i* utiiiiti*-!' ijf tn:\i<nd:\ iu tbi. Arrow ;
!.rik*-:' r'����s��i'try t��r** r\'*��ftt Mum    iiioiiT.lt. I
At. KuhIo Ihe returned   iioldlriM    mi
I
l:r.-
11".
��� .. i..
������I-. ���- -"���
 j. ,.t 11..
ii.
VWl
V, .
>������.��',    ��*.���<. ii.tr.   vA.i.Sls, I Vet-nri'-mi   A .oxieiri��������ifl
i mm. mn
a
There are 150 in the lot.
- m
I hey are in assorted styles.
There is a good rassge of sises*
Colors s    Black, Brown, Grey, Olive
These Hats are the product of reliable manufacturers. Made of dependable materials, and will retain their shape. Styles are not iikely to change"
enough in a couple of seasons to put these hats out
of style,
Each Hat represents 100% good value, and is
backed by our guarantee of money back if
goods are not satisfactory.
You cannot go wrong with one of these
hats. Come in and see them., Inspection
will convince.
Remember Wednesday night
April 2nd, Soldiers Memorial meeting, at 8.30'prompt,
Mercantile  Wall
'i-4iw��.^i,-.i.��i'��*-*lw*^i.l��^ r* *    f**** r    -���! m'^WlvittiAia.Jy, *a
A. ."��1 .iZ*riii-si-iLmxL.riut&p-t!^^ |Wli��|!ilf MM
JK-rWIMUMHi
v.   -   *   ,. ��� , '��*     '������- *-     *-* 	
��� ������'���*r���r.
THE  CBESTOSn"  REVIEW
er Sketch
sms /%ii���iif orin
������*��
The Auditoriuu.rwas jammed to the
doors on Fi-idaviiliight, 'the   otjiiasion
being thc pref^iifatipn of the   oTiartic-
ter sketch, Aimt^ysan's Visit.,  under/
Presbyterian Ludfes* Aid" auspices.   As
the title would indicate tbe   play is   a
domestic comedy enacted in the home-
of Mr. and Mrs. John Henry Tibbs, a
country      cross-roads     couple     who*
move into   the   city,   and   with   two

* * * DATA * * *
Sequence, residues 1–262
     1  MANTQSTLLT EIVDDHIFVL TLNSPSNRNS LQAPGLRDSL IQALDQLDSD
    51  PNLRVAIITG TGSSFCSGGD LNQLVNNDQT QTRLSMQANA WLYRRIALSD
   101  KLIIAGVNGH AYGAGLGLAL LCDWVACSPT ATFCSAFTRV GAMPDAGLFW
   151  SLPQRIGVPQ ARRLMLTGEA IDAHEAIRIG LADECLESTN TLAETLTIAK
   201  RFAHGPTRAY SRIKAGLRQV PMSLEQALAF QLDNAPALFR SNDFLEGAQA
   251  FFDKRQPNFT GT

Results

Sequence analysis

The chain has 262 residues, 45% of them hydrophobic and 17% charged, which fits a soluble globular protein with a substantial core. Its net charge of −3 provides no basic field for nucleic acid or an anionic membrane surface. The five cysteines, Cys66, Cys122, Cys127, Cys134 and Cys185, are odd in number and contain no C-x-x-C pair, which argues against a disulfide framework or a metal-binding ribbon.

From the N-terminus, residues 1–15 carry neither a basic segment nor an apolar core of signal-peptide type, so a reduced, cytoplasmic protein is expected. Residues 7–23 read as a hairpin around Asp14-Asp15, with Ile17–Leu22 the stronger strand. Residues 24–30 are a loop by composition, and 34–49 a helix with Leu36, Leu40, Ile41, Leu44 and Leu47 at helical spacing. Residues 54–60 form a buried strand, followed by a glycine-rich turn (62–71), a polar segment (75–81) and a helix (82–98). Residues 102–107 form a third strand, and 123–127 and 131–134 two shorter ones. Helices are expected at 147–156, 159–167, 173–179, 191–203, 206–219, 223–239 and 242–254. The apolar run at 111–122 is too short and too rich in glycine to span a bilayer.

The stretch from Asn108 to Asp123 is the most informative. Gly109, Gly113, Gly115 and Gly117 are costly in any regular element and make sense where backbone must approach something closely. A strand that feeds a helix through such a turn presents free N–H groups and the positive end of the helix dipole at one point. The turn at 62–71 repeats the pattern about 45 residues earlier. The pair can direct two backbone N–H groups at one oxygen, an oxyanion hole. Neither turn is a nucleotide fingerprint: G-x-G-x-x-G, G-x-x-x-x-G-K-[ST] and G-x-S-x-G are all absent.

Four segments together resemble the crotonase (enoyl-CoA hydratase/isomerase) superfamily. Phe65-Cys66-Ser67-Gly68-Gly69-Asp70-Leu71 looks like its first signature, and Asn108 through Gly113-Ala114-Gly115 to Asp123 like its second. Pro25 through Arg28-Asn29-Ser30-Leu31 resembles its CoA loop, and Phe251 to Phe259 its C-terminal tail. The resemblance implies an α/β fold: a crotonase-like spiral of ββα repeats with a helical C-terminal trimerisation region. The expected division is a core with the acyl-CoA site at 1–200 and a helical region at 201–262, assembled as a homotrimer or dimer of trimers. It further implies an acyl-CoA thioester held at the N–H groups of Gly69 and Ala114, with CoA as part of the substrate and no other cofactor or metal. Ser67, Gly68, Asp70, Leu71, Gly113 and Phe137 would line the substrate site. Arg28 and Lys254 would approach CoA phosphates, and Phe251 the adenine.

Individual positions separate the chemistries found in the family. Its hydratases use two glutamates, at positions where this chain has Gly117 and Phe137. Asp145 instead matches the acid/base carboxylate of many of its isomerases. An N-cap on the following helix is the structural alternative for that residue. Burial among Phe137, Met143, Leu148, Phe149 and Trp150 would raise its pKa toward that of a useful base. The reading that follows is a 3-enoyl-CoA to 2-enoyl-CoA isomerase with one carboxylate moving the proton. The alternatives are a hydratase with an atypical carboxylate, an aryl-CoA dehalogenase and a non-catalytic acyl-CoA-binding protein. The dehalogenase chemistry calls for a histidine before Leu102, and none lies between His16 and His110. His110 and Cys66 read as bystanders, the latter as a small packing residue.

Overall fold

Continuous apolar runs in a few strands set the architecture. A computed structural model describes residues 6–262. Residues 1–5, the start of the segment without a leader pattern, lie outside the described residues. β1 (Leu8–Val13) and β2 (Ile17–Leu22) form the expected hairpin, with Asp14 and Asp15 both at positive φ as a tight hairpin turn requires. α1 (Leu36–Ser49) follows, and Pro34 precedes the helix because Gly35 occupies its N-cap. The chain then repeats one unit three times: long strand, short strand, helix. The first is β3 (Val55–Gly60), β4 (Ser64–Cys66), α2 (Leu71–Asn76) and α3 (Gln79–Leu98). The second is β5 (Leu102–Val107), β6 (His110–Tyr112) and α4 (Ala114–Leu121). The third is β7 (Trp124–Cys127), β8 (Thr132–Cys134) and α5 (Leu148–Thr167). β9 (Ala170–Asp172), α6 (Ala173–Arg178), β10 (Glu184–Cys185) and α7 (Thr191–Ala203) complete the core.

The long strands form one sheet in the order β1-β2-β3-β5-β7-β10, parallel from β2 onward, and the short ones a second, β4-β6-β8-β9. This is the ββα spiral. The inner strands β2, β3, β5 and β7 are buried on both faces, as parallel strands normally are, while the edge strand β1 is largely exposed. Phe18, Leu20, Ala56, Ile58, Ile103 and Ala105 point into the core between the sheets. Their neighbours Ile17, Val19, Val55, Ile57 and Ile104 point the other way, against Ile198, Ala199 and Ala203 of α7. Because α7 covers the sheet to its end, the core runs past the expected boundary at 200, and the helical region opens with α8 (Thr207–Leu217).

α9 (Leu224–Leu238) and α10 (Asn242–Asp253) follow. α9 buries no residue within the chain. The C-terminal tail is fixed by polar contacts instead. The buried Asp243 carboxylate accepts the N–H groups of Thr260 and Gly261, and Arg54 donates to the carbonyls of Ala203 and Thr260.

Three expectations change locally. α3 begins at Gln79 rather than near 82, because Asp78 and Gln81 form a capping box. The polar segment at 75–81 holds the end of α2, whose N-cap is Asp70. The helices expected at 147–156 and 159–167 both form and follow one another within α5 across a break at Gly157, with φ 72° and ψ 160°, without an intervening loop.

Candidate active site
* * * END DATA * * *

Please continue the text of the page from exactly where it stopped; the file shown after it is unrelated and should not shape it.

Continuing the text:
mai-rinfteable daughters break ijljto so-,
i.iety on a rather scanty   income:    At
about   the,   peak   of   their     fihancisil^
troubles and about the time   at   least
one of the eligible daughters  is   sn    a;
fair way to land a very desirable   husband, Aunt Susan   arrives on an   un
expected visit. She is of the old school
of rural womanhood, whose antiquity,
along every line, and more   especially
her determination to   see   everything
and meet everyone, and discourse with
them   after   the homely   but   honest
fashion of Pepper's   Corners,   creates
no end of amusement and   much   em.
harassment   for     her    relatives rahd
others who move in less domesticated
circles. : .V ���'-. - :'
Tbe success of the, piece-depends almost entirely on Artiit"Susan, and thV
ladies were fortunate in haying Mrs.
F. Kose to play the title role. She-was
right at home in every- phase of a
heavy and exacting part. Perhaps she
was at her best in extolling the virtues of sundry remedies  for   the   ills
Tibbs f^ily*and seyeral:*^ thei"*- moij^
intimate callers. She was equity capable and.loquacious at ^ec'^Unti^ga"in(e--i
[ient family-jiwgtory at.t&e.lmost^ inojp-
* fortune occasions, and at cookiri"g-she
could'tell,of a reputation that'niust"
hav"e*;beenrmore tb^ ,to^y*^ship^' 7��*3y..ei. *.
Tn th>'las'?scene tieisViJT-roi-ind ;*ahjlii"f
in the parti was hicelyJ shown 'iri^'her
modesty of manner and expression in
which she received;the many;* jexwress-
lans -of '-���..a-rittreciatibn : for "-tkindness
shown' sundry neighbors in rflL^paanner
'of eases. At. t/ie reqii,ept of these
ff riexids.-who we#e on. jhand^at a send-
Oit-pkrty in ;t*be idlosin*^t-scen'=( ",Mrs.
RcJse-favored With a yocaT number "I <|
cannor sing the old songs," and the
>^I?g%i*'ijdieoj?e-sfeQ"wed -their appreciation of her evening's prrformanpe. by